Jesus came to reveal God as a God of thunder and judgment to those who use religion and power to oppress others. And Jesus came to reveal God as a loving shepherd and caring mother to those who are oppressed. “The crowd heard the voice from heaven and said that it was thunder. Others said, ‘An angel…’”

The judgment, however, does not come in the form of a violent rebel bearing weapons. The judgment comes with what Romero calls the “violence of love.” He said, “We never preached violence, except the violence of love, which left Christ nailed to a cross… The violence we preach is not the violence of the sword, the violence of hatred. It is the violence of love, of brotherhood, the violence that wills to beat weapons into sickles for work.” The judgment comes in the form of a vulnerable victim who lays down his life in order to show us whose side we are on and to expose our violence to ourselves and to the wider world.


Almost 35 years ago today, on March 23rd 1980, Oscar Romero preached directly against the violence of the sword when he addressed the police and military of El Salvador, saying, “Brothers, We are your people. The peasants you kill are your own brothers and sisters. When you hear the voice of man commanding you to kill, remember instead the voice of God. Thou shalt not kill…In the name of God, in the name of our tormented people whose cries rise up to heaven, I beseech you, I beg you, I command you, stop the oppression!” The next day, Archbishop Romero celebrated Eucharist and, as he stood in the vulnerable orans position as the people’s priest, he also offered himself as victim. A member of a government death squad walked into the church with a rifle and shot Romero in the heart, killing him instantly.

Previously Romero had said, “If they kill me, I shall arise in the Salvadoran people. If the threats come to be fulfilled, from this moment I offer my blood to God for the redemption and resurrection of El Salvador. Let my blood be a seed of freedom and the sign that hope will soon be reality.” As Jesus said, “Unless a grain of wheat falls into the earth and dies, it remains just a single grain; but if it dies, it bears much fruit.” Romero’s death brought international attention to the plight of the Salvadoran poor. His death forced the rest of the world to ask whether we were on the side of the armed oppressor or the unarmed priest who was shot and killed. Tragically, the US helped provide the weapons to the Salvadoran government, weapons that killed Romero and the tens of thousands of other Salvadorans.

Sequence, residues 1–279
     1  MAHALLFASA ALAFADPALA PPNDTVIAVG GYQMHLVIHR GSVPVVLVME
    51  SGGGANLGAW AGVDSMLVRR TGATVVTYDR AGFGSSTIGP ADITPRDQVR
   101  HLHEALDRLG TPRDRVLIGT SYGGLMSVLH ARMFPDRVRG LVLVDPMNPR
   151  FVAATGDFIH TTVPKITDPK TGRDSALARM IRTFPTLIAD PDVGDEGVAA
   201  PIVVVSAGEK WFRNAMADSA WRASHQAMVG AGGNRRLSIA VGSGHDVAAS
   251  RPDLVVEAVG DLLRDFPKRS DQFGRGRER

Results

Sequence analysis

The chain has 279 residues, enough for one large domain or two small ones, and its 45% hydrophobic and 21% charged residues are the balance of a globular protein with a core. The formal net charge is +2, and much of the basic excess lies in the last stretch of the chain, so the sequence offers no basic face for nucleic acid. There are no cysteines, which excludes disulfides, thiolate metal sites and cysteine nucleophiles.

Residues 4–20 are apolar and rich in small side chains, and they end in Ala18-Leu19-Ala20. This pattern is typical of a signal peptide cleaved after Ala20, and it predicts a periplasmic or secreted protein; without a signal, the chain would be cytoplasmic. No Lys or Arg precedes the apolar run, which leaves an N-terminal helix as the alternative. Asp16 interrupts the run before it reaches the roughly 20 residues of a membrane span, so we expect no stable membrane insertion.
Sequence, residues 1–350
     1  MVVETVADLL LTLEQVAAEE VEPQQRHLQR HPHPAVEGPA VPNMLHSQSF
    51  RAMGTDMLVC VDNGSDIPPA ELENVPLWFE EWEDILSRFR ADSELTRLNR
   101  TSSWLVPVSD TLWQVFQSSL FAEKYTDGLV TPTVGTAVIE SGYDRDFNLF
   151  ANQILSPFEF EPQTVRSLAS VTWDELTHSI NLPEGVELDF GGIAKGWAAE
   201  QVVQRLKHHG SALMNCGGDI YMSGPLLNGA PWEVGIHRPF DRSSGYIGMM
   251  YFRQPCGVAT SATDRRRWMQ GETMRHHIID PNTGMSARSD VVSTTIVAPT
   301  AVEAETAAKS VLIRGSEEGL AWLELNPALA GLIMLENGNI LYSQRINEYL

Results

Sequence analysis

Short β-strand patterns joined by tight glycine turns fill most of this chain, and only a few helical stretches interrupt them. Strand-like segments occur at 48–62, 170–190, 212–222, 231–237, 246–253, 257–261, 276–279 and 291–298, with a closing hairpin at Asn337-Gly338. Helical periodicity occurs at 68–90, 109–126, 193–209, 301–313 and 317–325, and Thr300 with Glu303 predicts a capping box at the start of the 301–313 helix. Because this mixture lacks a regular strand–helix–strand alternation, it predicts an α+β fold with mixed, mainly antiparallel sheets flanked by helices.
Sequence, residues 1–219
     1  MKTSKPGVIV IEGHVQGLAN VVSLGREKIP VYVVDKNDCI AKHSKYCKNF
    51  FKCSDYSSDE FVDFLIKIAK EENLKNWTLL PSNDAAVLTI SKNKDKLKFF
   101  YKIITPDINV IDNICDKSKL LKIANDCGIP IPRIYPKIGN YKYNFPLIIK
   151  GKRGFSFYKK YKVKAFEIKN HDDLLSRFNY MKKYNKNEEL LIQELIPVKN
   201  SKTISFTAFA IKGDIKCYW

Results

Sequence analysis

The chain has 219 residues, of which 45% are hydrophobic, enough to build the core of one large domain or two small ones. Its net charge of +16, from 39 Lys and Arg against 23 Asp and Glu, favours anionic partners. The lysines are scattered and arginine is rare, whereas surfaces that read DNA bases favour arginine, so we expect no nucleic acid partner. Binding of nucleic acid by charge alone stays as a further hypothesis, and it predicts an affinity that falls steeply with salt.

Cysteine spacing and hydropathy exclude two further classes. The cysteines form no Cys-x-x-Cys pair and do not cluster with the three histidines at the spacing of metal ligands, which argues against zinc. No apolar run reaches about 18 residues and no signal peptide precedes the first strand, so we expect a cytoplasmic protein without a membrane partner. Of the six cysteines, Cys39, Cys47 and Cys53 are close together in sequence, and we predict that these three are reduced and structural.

The cross of Christ and the martyrdom of Oscar Romero invite us to confront the ways that we support oppression in our personal and political lives. This country continues to convulse under the weight of past atrocities. Centuries of racial slavery and the genocide of Native Americans have collective consequences and spiritual residue that remain with us today. Some of us benefit from these atrocities and some of us continue to suffer because of them. And the world that benefits some and demonizes others, especially due to skin color, is one that is facing judgment. For those of us in power this judgment can be terrifying because it calls us to let go of our privilege and ally ourselves with those of us who continue to suffer the toxic residue of racial slavery and genocide. If the voice that stands up for society’s victims sounds like thunder to us, then we are called to repentance. And if the voice from heaven that stands up for the victims sounds like an angel, then we are called to respond to the violence of the sword with the violence of love. We are called to be priests who are also willing to be victims in order to expose the world’s violence and drive out the ruler of this world. This is what it means to be a priest forever, according to the order of Melchizedek, to offer ourselves in self-giving love to one another, even at the risk of our own lives. The life and martyrdom of Archbishop Oscar Romero, which we celebrate this Tuesday March 24th, invite us to live fully into this self-giving priesthood, to which we are called in our baptism, knowing that even in death, there can be new life, liberation and much fruit. Amen.